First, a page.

https://github.com/andreyvit/cvsps and make sure	it is in your path.
       Then cd to a checked out	CVS working directory of the project you are
       interested in and run git-cvsimport(1):

	   $ git cvsimport -C <destination> <module>

       This puts a Git archive of the named CVS	module in the directory
       <destination>, which will be created if necessary.

       The import checks out from CVS every revision of	every file. Reportedly
       cvsimport can average some twenty revisions per second, so for a
       medium-sized project this should	not take more than a couple of
       minutes.	Larger projects	or remote repositories may take	longer.

       The main	trunk is stored	in the Git branch named	origin,	and additional
       CVS branches are	stored in Git branches with the	same names. The	most
       recent version of the main trunk	is also	left checked out on the	master
       branch, so you can start	adding your own	changes	right away.

       The import is incremental, so if	you call it again next month it	will
       fetch any CVS updates that have been made in the	meantime. For this to
       work, you must not modify the imported branches;	instead, create	new
       branches	for your own changes, and merge	in the imported	branches as
       necessary.

       If you want a shared repository,	you will need to make a	bare clone of
       the imported directory, as described above. Then	treat the imported
       directory as another development	clone for purposes of merging
       incremental imports.

ADVANCED SHARED	REPOSITORY MANAGEMENT
       Git allows you to specify scripts called	"hooks"	to be run at certain
       points. You can use these, for example, to send all commits to the
       shared repository to a mailing list. See	githooks(5).

       You can enforce finer grained permissions using update hooks. See
       Controlling access to branches using update hooks[1].

PROVIDING CVS ACCESS TO	A GIT REPOSITORY
       It is also possible to provide true CVS access to a Git repository, so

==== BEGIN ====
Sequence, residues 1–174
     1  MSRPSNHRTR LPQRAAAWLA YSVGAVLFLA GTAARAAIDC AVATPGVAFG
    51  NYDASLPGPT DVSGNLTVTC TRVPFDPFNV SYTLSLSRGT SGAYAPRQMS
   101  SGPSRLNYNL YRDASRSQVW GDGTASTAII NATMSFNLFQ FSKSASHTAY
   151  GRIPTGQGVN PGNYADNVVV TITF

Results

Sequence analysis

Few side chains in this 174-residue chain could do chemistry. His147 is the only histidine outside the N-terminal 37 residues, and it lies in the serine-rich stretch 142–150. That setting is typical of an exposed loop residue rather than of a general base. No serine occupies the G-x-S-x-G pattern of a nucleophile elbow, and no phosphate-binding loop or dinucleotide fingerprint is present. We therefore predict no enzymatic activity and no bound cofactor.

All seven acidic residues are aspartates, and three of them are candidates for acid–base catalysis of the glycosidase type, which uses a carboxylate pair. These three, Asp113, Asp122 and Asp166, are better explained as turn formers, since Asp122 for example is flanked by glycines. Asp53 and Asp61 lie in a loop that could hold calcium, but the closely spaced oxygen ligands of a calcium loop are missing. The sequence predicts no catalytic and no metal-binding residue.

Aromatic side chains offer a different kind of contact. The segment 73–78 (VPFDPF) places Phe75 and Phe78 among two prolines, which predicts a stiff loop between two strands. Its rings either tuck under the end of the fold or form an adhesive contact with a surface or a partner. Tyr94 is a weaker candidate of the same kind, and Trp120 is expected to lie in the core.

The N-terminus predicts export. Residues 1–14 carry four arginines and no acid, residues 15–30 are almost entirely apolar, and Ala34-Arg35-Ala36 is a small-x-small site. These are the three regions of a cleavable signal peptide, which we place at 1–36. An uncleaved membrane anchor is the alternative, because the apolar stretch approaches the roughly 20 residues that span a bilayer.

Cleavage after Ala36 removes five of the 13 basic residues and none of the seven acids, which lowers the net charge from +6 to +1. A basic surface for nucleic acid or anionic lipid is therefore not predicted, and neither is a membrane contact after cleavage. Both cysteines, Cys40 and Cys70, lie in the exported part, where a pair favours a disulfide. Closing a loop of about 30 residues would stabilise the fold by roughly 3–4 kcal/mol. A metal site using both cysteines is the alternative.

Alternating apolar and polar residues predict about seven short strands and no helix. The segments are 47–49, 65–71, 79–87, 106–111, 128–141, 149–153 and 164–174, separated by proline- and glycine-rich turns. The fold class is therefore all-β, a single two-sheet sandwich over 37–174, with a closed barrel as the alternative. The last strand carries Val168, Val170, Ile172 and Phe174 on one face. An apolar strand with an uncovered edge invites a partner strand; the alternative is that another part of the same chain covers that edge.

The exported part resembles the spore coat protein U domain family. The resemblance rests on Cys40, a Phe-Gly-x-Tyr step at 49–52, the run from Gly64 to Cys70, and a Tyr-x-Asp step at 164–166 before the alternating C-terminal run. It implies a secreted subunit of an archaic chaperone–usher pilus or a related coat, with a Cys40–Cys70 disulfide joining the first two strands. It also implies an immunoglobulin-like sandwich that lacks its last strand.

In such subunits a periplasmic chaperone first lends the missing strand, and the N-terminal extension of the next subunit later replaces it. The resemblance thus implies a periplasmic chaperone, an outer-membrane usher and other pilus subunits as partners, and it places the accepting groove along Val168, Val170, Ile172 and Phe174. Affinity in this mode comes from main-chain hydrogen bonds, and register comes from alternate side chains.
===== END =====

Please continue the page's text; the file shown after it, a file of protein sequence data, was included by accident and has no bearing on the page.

that developers can still use CVS; see git-cvsserver(1) for details.

ALTERNATIVE DEVELOPMENT	MODELS
       CVS users are accustomed	to giving a group of developers	commit access
       to a common repository. As we've	seen, this is also possible with Git.
       However,	the distributed	nature of Git allows other development models,
       and you may want	to first consider whether one of them might be a
       better fit for your project.

       For example, you	can choose a single person to maintain the project's
       primary public repository. Other	developers then	clone this repository
       and each	work in	their own clone. When they have	a series of changes
       that they're happy with,	they ask the maintainer	to pull	from the
       branch containing the changes. The maintainer reviews their changes and
       pulls them into the primary repository, which other developers pull
       from as necessary to stay coordinated. The Linux	kernel and other
       projects	use variants of	this model.

       With a small group, developers may just pull changes from each other's
       repositories without the	need for a central maintainer.

SEE ALSO
       gittutorial(7), gittutorial-2(7), gitcore-tutorial(7), gitglossary(7),
       giteveryday(7), The Git User's Manual[2]

GIT
       Part of the git(1) suite

NOTES
	1. Controlling access to branches using	update hooks
	   git-htmldocs/howto/update-hook-example.html

	2. The Git User's Manual
	   git-htmldocs/user-manual.html

Git 2.13.2			  06/24/2017		   GITCVS-MIGRATION(7)

NAME | SYNOPSIS | DESCRIPTION | DEVELOPING AGAINST A SHARED REPOSITORY | SETTING UP A SHARED REPOSITORY | IMPORTING A CVS ARCHIVE | ADVANCED SHARED REPOSITORY MANAGEMENT | PROVIDING CVS ACCESS TO A GIT REPOSITORY | ALTERNATIVE DEVELOPMENT MODELS | SEE ALSO | GIT | NOTES

Want to link to this manual page? Use this URL:
<https://www.freebsd.org/cgi/man.cgi?query=gitcvs-migration&sektion=7&manpath=FreeBSD+12.0-RELEASE+and+Ports>

home | help